Rome — Pope Francis has become the first leader of the Catholic Church to publicly decry a "culture of abuse and cover-up" in the global institution, admitting in a strikingly blunt letter to the people of Chile that clergy sexual abuse has continued because church leaders have not taken victims seriously.
In an eight-page May 31 message addressed to "the Pilgrim people of God in Chile," the pope also says Catholic leaders must work to better respect the voices and opinions of non-clerics "to promote communities capable of fighting against abusive situations, communities where exchange, discussion, confrontation are welcome."
One of the church's "main faults and omissions," Francis writes, was "not knowing how to listen to the victims."
"With shame, I must say that we did not hear and react in time," he adds in the letter, which was sent to the Chilean bishops' conference and made public by it.
The pope's letter to the Chilean people follows a May 15-17 meeting in Rome with 34 of the country's bishops, after which they offered letters of resignation.
Release of the papal letter comes on the same day the Vatican announced that Francis will be sending Maltese Archbishop Charles Scicluna back to Chile for the second time in three months to look into the local church's handling of abuse.
Francis' letter to the Chilean people takes a straightforward, open tone. Over seven brief points, the pope admits his shame, calls on church leaders to listen to victims, and exhorts church institutions to put in place processes to ensure a "culture of care."
The pope says that meetings he had in Rome with three Chilean abuse victims April 29-May 2 made clear that a "lack of recognition/listening to their stories, as well as the recognition/acceptance of errors and omissions ... prevented us from making progress."
Saying " 'never again' to the culture of abuse, as well as the system of cover-up that allows it to perpetuate, requires working together to generate a culture of care that permeates our ways of relating, praying, thinking, living authority; our customs and languages and our relationship with power and money," he states.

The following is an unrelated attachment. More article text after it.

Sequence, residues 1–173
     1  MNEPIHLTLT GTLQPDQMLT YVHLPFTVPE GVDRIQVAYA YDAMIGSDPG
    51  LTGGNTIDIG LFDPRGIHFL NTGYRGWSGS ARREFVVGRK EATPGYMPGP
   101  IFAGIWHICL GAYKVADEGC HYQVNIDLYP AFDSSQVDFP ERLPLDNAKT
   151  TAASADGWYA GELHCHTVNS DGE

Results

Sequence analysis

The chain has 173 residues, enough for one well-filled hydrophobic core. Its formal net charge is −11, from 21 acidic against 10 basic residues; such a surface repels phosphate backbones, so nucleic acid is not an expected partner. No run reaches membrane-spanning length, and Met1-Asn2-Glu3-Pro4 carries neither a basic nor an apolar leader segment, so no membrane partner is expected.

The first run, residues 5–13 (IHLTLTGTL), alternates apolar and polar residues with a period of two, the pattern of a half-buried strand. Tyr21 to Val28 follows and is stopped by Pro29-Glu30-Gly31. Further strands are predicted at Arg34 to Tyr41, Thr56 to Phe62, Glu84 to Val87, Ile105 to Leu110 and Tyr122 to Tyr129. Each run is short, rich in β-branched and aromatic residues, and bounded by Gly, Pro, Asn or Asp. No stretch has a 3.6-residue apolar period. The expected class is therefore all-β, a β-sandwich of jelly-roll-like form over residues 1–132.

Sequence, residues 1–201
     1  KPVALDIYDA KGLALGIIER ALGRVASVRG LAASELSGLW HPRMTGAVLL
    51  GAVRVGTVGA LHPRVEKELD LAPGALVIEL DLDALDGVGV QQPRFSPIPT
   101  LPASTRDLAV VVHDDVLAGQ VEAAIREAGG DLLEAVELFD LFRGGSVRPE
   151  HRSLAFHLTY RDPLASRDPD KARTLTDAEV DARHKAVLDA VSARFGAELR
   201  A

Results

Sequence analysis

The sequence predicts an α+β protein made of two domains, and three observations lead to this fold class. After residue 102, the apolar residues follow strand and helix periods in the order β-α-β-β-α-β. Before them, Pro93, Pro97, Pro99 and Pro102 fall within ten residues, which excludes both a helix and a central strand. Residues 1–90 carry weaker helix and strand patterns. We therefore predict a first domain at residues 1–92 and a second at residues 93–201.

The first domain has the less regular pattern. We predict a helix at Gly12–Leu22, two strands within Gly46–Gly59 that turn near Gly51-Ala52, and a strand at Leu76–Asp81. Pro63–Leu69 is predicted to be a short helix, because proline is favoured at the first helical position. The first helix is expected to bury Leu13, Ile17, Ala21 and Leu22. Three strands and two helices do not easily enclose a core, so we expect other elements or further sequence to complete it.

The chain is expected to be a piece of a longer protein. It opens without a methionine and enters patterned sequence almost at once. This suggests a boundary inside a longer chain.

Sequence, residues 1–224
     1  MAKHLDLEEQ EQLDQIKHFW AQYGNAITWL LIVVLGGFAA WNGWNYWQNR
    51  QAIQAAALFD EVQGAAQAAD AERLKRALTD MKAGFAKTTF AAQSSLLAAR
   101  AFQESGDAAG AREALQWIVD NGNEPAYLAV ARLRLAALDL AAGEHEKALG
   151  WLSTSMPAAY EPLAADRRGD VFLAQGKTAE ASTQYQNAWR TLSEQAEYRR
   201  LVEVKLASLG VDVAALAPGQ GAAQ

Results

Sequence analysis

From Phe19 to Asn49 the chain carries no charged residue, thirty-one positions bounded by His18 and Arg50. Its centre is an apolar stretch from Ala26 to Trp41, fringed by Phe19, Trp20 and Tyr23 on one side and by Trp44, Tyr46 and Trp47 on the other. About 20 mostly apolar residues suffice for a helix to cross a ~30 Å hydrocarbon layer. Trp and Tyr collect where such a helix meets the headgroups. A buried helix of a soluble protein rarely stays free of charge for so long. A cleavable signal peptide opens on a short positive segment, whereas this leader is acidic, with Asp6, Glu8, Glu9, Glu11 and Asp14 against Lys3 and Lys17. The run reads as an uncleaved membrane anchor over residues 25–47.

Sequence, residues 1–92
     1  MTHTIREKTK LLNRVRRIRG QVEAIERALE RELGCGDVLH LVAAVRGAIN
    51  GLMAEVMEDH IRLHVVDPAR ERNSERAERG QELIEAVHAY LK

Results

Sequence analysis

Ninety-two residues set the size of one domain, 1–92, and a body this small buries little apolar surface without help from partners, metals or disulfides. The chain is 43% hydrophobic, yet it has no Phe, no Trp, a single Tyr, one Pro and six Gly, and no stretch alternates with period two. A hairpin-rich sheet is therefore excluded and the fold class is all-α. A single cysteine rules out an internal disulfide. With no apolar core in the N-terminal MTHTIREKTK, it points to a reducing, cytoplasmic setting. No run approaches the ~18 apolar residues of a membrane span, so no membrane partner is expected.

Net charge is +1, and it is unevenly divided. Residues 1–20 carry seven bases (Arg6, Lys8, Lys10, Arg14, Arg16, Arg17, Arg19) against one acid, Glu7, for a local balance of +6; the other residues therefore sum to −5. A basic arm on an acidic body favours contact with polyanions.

"It is urgent, therefore, to generate spaces where the culture of abuse and cover-up is not the dominant scheme," he continues.
"This has to impel us as a Church to humbly seek out all the actors that shape the social reality and promote instances of dialogue and constructive confrontation in order to move towards a culture of care and protection," he says.
Later in the letter, Francis states plainly: "The culture of abuse and cover-up is incompatible with the logic of the Gospel." He then says he wants to invite church institutions, including schools and religious formation and spirituality centers "to promote theological reflection that is able to ... promote a mature, adult faith that assumes the vital humus the People of God with their insights and questions."
"We will be fruitful in the measure that we empower open communities from within and thus free ourselves from closed and self-referential thoughts full of promises and mirages that promise life but that ultimately favor the culture of abuse," the pope says.
Francis called the Chilean bishops to Rome as part of a stunning about-face for the pope, who was criticized for his actions during his January visit to Chile.
During that trip, the pope had defended his 2015 appointment of Osorno Bishop Juan Barros Madrid, who several survivors say was present as a priest in the 1980s and 90s to witness the crimes of notorious abuser Fr. Fernando Karadima.
Barros has denied that he was present to witness abuse by Karadima, who was sentenced in 2011 by the Vatican to a life of prayer and penance and also maintains his innocence.
Scicluna first visited Chile at the pope's command in April, preparing a 2,300-page report for Francis after interviewing abuse victims in the country. The Vatican said he is being sent specifically this time to Osorno, on a mission "to move forward with the process of reparation and healing for victims of abuse."
Most of the 34 Chilean bishops who met with Francis in Rome earlier in the month offered their resignations en masse May 18. It is now up to Francis to decide whether to accept their departures from office.
Francis had admitted in 2017 that the Catholic Church took too long to respond to the clergy sexual abuse crisis, but had not previously named a system of cover-up by church officials.
In a 2010 letter to the Irish bishops after a government report had found that church leaders there had concealed abuse, Pope Benedict XVI criticized the bishops "often inadequate response" but did not reflect on wider issues in church culture.